I Still Hide to Smoke (2016) – About People Covered in Terror

From a 2009 play of the director, Rayhana Obermeyer put Hiam Abbas to lead all of the cast to be locked in a bathing inn. The bath becomes a closed place for women. They don’t just talk about politics, smoke, talk about religion, debate with one another, and so on. But, they just want to close themselves from reality. The only way to escape from such conditions of terror outside the bath is to be locked, deliberately, inside. Don’t ever come out whether there is so much violence inside because of a political confrontation, provocative between people, etc. In essence, all of these women from all ages can only hold, and also release all, the problems that exist outside. Never bring outside problems into the inside.

In the human condition theory, freedom is innate. For women as well, especially those who live in “closed” and “terror” countries, there is a certain dehumanization without a utopia-alike to the surrounding. French-Algerian director, Rayhana, directed her feature debut titled “I Still Hide to Smoke”, a self-aware title about hiding from reality. Rayhana only shot the movie in one place, namely the bath. Just like the original play, this movie is like a real drama performance that takes place directly in the place. All of the characters feel forced to surrender to all kinds of shocking moments, acceptable, misery, abuse, misunderstanding, and religious differences.

Hiam Abbass as Fatima is a manager of a Turkish bath. Every day, dozens of women come to cleanse their bodies. On the other hand, they told each other about the past, secrets, first-time sex, fear of the outside world, politics, and so on. They carry out conversations between the characters naked, while they cleanse the specific people. The context of the movie is that people outside never know what happens in the bath. It’s not important to them but we, as the audience, witnesses a dynamic, especially women, about diversity and fascinating people about their point of view with men and others.

“I Still Hide to Smoke” was taken place in 1995 where the Islamist regime took hold of Algeria at the time. We witnessed the impact of the incident both collaterally, literally, and contextually. In the ensemble piece of the film lies on how each sequence, we see how all of these women try to survive, indirectly, while the historic event is taking place outside. They are very attached to reality but they, on the other hand, are comfortable with their situation. It’s better to hide and surrender to the conflict-filled situation in this bath than to be directly executed outside.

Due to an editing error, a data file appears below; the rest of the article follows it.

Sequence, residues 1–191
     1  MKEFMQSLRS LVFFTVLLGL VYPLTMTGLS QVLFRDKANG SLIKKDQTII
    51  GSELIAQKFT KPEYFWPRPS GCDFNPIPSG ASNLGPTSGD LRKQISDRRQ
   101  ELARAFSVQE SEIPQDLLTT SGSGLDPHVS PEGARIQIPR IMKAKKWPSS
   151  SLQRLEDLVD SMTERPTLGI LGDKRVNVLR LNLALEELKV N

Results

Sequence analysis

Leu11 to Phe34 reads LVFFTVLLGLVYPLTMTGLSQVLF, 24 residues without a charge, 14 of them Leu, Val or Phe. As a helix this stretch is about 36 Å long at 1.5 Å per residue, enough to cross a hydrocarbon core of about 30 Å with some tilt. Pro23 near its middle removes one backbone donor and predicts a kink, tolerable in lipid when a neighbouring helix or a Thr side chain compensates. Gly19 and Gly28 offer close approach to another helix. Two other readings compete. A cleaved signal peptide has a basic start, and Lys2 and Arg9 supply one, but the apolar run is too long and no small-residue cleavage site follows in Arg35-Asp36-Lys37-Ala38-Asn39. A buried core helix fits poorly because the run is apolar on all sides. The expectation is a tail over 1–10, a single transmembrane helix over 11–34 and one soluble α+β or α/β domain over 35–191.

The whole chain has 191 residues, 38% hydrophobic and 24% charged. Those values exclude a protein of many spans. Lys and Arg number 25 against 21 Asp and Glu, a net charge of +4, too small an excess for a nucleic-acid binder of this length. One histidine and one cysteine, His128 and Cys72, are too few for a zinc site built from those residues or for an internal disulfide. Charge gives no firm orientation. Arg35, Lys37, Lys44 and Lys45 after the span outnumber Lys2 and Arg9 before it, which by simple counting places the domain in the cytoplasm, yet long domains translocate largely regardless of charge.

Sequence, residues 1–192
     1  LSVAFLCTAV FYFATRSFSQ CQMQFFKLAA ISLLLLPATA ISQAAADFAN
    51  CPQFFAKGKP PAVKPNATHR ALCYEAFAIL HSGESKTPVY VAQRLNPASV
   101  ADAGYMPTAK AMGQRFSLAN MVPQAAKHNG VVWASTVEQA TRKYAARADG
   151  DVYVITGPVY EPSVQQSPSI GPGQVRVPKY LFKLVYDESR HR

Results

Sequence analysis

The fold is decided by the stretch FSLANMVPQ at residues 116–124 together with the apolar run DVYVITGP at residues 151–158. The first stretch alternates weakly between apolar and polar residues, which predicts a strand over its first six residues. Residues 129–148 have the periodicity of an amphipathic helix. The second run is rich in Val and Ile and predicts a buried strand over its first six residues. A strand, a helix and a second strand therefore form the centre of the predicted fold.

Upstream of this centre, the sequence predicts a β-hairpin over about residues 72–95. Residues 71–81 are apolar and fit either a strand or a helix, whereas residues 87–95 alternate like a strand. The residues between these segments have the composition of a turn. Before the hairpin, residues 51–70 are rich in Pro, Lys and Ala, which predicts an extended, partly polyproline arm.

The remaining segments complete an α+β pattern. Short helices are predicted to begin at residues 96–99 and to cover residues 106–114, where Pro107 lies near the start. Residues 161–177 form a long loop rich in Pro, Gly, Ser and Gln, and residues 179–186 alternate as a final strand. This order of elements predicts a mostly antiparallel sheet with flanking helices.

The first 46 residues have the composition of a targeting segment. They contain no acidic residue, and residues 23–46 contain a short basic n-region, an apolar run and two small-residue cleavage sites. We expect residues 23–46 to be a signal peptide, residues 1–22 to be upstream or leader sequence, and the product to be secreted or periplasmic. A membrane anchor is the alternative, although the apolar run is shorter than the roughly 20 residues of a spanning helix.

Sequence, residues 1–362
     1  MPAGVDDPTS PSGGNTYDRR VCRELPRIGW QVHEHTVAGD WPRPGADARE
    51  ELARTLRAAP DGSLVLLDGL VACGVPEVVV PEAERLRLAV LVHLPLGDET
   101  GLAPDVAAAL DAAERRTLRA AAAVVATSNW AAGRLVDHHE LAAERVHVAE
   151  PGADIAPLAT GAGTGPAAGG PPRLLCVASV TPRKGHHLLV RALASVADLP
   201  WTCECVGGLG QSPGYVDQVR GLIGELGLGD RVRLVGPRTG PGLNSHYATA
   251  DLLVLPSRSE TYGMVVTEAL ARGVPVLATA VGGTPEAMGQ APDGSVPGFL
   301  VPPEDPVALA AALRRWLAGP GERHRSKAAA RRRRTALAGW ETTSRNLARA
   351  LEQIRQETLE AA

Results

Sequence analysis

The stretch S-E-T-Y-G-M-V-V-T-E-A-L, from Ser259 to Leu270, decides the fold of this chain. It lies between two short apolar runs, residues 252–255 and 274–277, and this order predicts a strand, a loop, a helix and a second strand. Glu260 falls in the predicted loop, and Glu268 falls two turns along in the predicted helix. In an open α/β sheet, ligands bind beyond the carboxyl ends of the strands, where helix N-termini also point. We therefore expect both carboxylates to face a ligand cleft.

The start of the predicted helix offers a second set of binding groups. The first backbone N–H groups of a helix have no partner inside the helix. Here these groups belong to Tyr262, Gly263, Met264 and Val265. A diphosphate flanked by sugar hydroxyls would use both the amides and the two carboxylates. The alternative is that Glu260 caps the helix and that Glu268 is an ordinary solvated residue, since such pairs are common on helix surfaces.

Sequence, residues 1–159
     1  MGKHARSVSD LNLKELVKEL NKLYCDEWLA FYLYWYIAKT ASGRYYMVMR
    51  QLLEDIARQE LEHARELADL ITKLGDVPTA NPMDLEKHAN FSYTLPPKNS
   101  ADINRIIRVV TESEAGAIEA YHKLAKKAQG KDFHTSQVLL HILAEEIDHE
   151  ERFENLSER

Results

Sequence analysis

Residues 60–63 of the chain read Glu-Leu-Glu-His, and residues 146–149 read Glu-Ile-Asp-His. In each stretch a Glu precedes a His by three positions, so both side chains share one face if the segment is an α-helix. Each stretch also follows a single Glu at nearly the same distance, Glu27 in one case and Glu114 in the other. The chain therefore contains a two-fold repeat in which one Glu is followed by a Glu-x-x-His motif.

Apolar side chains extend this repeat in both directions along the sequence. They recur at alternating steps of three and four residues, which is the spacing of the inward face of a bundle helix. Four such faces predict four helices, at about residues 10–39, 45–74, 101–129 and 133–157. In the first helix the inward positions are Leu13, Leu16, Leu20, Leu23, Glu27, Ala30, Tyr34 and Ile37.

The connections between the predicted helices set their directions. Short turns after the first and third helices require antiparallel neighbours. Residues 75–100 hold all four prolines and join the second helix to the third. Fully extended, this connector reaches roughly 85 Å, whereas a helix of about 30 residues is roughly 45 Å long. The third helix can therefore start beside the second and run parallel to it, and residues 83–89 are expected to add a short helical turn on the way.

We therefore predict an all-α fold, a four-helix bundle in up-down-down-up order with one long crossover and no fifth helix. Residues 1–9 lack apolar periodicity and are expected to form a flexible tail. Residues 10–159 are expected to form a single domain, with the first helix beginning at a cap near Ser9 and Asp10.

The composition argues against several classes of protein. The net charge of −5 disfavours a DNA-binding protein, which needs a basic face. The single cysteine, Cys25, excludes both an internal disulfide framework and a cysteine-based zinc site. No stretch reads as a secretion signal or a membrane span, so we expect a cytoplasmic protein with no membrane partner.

Each character has a problem each. There is a widow who tied to a terrorist member, a girl who is pregnant can do nothing but wait, a young woman who has just divorced, and a young woman who has just married. There isn’t a connection between stories because you only understand how they feel about their stories and problems. The only thing they can do is humiliating themself. They are also not aware if they fight an injustice especially the ending of the movie. It’s about a reverse journey of life, about a common thing but so uncommon. They are tightly bound and sandwiched with the world.

This movie has a lot of explicit content but contextually and symbolically. One of my favorite comments about the movie is when it comes to one of the Muslim women in the bath and the fundamentalist victim of such a regime. When both of them appear together, it always ends as the most shattered and vengeful sequences you have ever seen. Even though it’s not about alienating yourself from the outside world, there is a central story. A 16-year-old girl is secretly pregnant and the people in the bath never knew. Fatima tried her best to save the child and her baby. It’s only a matter of time before one of the local clerics breaks the bath door. It leads and forces them to unite against these people.

The first ten minutes of the movie is one of the best aspects and depiction of reality and the movie. We see Fatima’s husband raping Fatima. Unintentionally, she almost died because of an explosion of terror from a car. She then came into the game and smoked. It’s one of the brutally and aggressively representations of what happens in the countries in the Middle East there, how they treat people both children and women. Thinking about the present situation, we always think that Islam and terrorism are two words that can never be separated. But, this movie is trying to give in-depth layers about what happens to those. It’s not just about the terrorist but where did the terrorist come from.

The film demonstrates a tragedy and it’s full of awareness of the importance of the movie as well. The movie conveys well to the message though, not many people would just digest like such a which. Rayhana’s direction also endows all of the elements and creates a stem of its trademark. One thing I don’t really like, in a funny way, about the movie is the climax. The scene when these female characters come out against the rebel is hilarious. The slow-mo edition kind of ruined it, like I always see it in memes and internet videos. And to be honest, I get it what happens really. This movie gives a lot of details about the context of the political act. It’s a terrifying depiction, from the perspective of closed people, about the effect of such terrors.

Salman Al Farisi

An Indonesian who loves to watch and read everything. A literary student who likes to write about reviews and essays on Crackdown Review. But, I just wannabe critics who love arthouse than anything.

Leave a Reply

Your email address will not be published. Required fields are marked *